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Title: Safety of artemether-lumefantrine exposure in first trimester of pregnancy: an observational cohort
Authors: Mosha, Dominic
Mazuguni, Festo
Mrema, Sigilbert
Sevene, Esperança
Abdulla, Salim
Genton, Blaise
Keywords: Pregnancy
Maternal health
Issue Date: 27-Mar-2014
Publisher: BioMed Central
Citation: Mosha, D., Mazuguni, F., Mrema, S. et al. Safety of artemether-lumefantrine exposure in first trimester of pregnancy: an observational cohort. Malar J 13, 197 (2014).
Abstract: Background: There is limited data available regarding safety profile of artemisinins in early pregnancy. They are, therefore, not recommended by WHO as a first-line treatment for malaria in first trimester due to associated embryo-foetal toxicity in animal studies. The study assessed birth outcome among pregnant women inadvertently exposed to artemether-lumefantrine (AL) during first trimester in comparison to those of women exposed to other anti-malarial drugs or no drug at all during the same period of pregnancy. Methods: Pregnant women with gestational age <20 weeks were recruited from Maternal Health clinics or from monthly house visits (demographic surveillance), and followed prospectively until delivery. Results: 2167 pregnant women were recruited and 1783 (82.3%) completed the study until delivery. 319 (17.9%) used anti-malarials in first trimester, of whom 172 (53.9%) used (AL), 78 (24.4%) quinine, 66 (20.7%) sulphadoxine-pyrimethamine (SP) and 11 (3.4%) amodiaquine. Quinine exposure in first trimester was associated with an increased risk of miscarriage/stillbirth (OR 2.5; 1.3–5.1) and premature birth (OR 2.6; 1.3–5.3) as opposed to AL with (OR 1.4; 0.8–2.5) for miscarriage/stillbirth and (OR 0.9; 0.5–1.8) for preterm birth. Congenital anomalies were identified in 4 exposure groups namely AL only (1/164[0.6%]), quinine only (1/70[1.4%]), SP (2/66[3.0%]), and non-anti-malarial exposure group (19/1464[1.3%]). Conclusion: Exposure to AL in first trimester was more common than to any other anti-malarial drugs. Quinine exposure was associated with adverse pregnancy outcomes which was not the case following other anti-malarial intake. Since AL and quinine were used according to their availability rather than to disease severity, it is likely that the effect observed was related to the drug and not to the disease itself. Even with this caveat, a change of policy from quinine to AL for the treatment of uncomplicated malaria during the whole pregnancy period could be already envisaged.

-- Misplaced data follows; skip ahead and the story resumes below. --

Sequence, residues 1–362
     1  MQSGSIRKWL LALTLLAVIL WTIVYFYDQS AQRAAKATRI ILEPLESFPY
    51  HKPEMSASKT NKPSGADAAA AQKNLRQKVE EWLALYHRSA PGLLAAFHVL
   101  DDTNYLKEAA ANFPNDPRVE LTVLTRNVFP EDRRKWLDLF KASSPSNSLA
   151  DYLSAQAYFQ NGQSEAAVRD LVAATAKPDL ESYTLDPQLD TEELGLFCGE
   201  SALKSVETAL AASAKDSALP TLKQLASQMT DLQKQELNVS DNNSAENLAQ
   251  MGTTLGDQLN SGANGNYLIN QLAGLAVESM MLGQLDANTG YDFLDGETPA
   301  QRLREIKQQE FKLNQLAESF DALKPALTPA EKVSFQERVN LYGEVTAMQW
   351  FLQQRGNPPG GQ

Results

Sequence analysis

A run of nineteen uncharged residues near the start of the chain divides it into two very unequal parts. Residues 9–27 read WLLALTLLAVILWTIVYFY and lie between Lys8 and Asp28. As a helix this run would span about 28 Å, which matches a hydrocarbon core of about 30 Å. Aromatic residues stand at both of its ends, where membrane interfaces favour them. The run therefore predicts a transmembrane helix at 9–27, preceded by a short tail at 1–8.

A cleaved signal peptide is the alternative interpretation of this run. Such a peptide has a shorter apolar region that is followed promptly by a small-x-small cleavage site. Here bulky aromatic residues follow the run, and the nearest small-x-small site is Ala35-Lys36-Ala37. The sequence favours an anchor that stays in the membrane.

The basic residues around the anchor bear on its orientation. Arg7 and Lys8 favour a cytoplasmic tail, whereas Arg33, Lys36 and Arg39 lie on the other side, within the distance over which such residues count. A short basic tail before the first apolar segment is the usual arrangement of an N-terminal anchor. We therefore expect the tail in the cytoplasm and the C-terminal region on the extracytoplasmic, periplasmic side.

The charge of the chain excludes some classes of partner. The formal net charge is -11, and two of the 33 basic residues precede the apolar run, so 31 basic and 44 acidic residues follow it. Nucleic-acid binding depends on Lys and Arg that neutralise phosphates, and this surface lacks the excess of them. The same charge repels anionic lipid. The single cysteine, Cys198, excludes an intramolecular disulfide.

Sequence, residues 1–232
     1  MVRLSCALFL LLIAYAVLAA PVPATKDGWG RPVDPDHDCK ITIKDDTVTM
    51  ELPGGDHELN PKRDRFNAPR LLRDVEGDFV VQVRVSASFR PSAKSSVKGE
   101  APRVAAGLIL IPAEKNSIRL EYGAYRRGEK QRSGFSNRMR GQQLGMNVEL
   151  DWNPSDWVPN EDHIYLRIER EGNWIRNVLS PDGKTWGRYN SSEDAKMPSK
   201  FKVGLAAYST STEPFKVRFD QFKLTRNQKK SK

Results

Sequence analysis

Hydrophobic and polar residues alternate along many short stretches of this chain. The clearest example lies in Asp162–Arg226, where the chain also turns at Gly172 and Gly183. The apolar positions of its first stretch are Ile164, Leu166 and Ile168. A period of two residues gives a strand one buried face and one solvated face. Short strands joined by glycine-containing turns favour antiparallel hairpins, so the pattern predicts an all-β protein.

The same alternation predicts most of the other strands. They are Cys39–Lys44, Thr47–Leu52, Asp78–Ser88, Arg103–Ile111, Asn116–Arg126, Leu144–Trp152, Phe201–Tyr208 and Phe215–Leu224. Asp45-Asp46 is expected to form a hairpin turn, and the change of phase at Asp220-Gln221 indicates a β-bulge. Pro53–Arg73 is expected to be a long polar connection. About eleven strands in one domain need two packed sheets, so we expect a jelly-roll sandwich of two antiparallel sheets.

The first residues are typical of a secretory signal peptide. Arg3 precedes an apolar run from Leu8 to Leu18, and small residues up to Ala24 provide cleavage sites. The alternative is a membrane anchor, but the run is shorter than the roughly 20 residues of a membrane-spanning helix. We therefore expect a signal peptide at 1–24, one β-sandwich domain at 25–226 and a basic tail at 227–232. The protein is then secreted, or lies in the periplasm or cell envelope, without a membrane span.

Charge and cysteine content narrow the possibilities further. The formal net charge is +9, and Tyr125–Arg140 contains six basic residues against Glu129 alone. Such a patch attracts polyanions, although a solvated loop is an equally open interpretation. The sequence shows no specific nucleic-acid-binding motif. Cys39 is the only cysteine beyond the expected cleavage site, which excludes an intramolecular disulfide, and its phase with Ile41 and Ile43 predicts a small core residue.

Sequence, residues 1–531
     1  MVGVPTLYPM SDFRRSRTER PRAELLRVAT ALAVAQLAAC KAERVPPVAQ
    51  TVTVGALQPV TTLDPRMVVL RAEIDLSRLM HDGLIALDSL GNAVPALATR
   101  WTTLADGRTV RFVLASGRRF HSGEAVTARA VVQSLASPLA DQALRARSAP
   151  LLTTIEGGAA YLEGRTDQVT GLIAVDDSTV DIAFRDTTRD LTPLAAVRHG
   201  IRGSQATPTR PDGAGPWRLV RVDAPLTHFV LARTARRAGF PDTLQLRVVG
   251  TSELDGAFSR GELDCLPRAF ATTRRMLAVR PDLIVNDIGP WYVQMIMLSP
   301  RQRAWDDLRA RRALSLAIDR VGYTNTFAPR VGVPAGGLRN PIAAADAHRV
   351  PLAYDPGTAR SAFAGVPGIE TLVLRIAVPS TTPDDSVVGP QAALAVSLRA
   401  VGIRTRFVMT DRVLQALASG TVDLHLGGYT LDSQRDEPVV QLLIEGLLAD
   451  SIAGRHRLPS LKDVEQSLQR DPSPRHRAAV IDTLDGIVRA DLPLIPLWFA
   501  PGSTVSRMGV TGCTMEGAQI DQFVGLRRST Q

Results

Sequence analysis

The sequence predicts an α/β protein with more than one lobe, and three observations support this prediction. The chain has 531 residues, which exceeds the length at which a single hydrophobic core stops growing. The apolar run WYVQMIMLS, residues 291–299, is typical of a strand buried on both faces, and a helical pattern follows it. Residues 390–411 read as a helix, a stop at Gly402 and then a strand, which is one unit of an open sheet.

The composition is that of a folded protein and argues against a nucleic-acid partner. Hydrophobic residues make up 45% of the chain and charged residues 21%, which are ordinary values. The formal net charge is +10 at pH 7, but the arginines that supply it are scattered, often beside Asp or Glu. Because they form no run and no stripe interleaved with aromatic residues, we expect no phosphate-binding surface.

URI: Aberto
Appears in Collections:Artigos Publicados em Revistas Cientificas - FAMED

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